2. Textual themes need attention in the classroom because they will vary significantly depending on the generic nature of the target text type.  This means making sure that learners have, for example, mastered textual themes associated with consequences and logical connections before asking them to talk about or write about topics which demand them.
  3. At first, the focus of almost all teaching is on the unmarked forms of the language, so that the canonical or normal ordering of elements is acquired.  Sooner or later, however, all learners will need to know how to depart from the learned ordering to mark some elements as more important than others.  How this is done varies greatly from language to language and has explicitly to be the focus of the teaching.
  4. Understanding that fluent and skilful writers and speakers will produce texts which are linked by thematic connections allows comprehension to proceed because the reader / hearer will be alert to the theme-rheme connections in a well-formed text.


Taking a genre approach to teaching

One approach to helping learners to recognise and produce cohesive and coherent writing and speaking is to take a genre approach to skills work.  This normally follows this kind of pattern:

genre approach

To explain how this series of lessons might happen, we are going to use a Discussion text that might, for example, serve as a short spoken (or written) presentation.  Choose carefully because much depends on this text.  It has to be representative of the sort of text that you want your learners to be able to produce independently by the end of the series of lessons.  It also needs to be quite easily comprehended because you are using the text as a model for production, not mining it for new language.
For this example, this is the text:

I like the village where I live but I recognise that living here has both advantages and disadvantages.
On the negative side, the place is quite remote and there are not many of the services that people who live in larger towns naturally expect. For example, there is no post office or bank and only one small minimarket. There is also no doctor or dentist. This means that we have to travel 10 kilometres to the local larger town to do our banking and most of our shopping, post letters and access healthcare.  That's inconvenient and expensive.
Another disadvantage of living in a village is that it is quite boring for my children because there is very little to entertain them. There's no sports field at all and neither of the cafés is really very interesting for them (although the older people meet up to gossip and chat in them). Consequently, most of the kids in the village take a bus to town in the evenings or at the weekend to meet their friends and drink coffee with them. That all costs money.
Transport, too, is a problem because the local bus service is not very good and there are no trains. The bus only goes to and from town twice a day and the last bus at night is gone by 9 in the evening. This means that we often have to act as a taxi service for my children, taking them into town and bringing them home.
On the positive side, village life is very relaxing. There’s almost no noise, especially after dark and getting to sleep is not a problem. It’s waking my children up that is the most difficult part! They have to catch the early school bus and they hate early mornings. Because the village is quite small, there are no parking problems. I just leave my car outside my front door and that’s not something you can do in most towns.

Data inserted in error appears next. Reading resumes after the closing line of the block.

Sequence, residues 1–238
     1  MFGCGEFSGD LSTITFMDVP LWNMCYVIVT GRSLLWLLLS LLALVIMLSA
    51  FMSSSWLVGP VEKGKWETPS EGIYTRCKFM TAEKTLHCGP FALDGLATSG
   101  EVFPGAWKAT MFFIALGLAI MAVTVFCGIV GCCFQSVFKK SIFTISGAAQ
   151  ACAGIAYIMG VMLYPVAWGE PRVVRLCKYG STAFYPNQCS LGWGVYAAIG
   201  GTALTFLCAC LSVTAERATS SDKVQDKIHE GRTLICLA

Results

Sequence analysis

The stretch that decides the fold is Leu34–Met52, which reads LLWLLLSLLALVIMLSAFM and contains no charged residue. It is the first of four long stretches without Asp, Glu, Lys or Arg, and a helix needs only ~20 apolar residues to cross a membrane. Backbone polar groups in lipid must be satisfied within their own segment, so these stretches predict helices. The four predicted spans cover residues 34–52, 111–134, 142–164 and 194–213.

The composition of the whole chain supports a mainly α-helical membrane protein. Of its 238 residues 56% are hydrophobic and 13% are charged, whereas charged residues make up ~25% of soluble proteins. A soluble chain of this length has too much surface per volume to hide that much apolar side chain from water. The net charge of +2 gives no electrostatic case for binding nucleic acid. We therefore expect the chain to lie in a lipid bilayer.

The village is very friendly, too. There is a real sense of community because everyone knows everyone and looks out for them. People meet outside their houses or in the café and sometimes they just walk in for a chat and a cup of something. There’s always something to talk about.
Living here is cheaper, too, because house prices are lower than in towns and most of our neighbours grow their own vegetables and keep chickens. Free vegetables and eggs are always welcome. There also isn’t so much temptation to spend money!
Finally, although transport is not good, we can be in the countryside in a 5-minute walk from our front door. All our family enjoy that and in the winter, we go skiing almost every weekend. In the summer, having lazy picnics is what we like most.
All in all, I wouldn’t change where I live. I think there are more advantages than disadvantages to living here.

  1. Analysis of the text
    The assumption here is that comprehending the text will not be a time-consuming process and that the learners have the language resources to understand it quite easily.  Nevertheless, you may have to spend a little time with some well-chosen comprehension questions making sure everyone is comfortable with the lexis and grammar.
    Once you and the learners are happy, you can start the analysis.
    1. Staging and structure
      This is a discussion and it follows quite a simple set of stages.  Here, you could get learners to identify each of the following sections:
          Statement of the issue
          Arguments against
          Arguments for
          Coda and personal statement of preference
      This is not too challenging but it may be worth pointing out that we could reverse the ordering of the arguments or entwine disadvantages and advantages in separate paragraphs.
    2. Topic sentences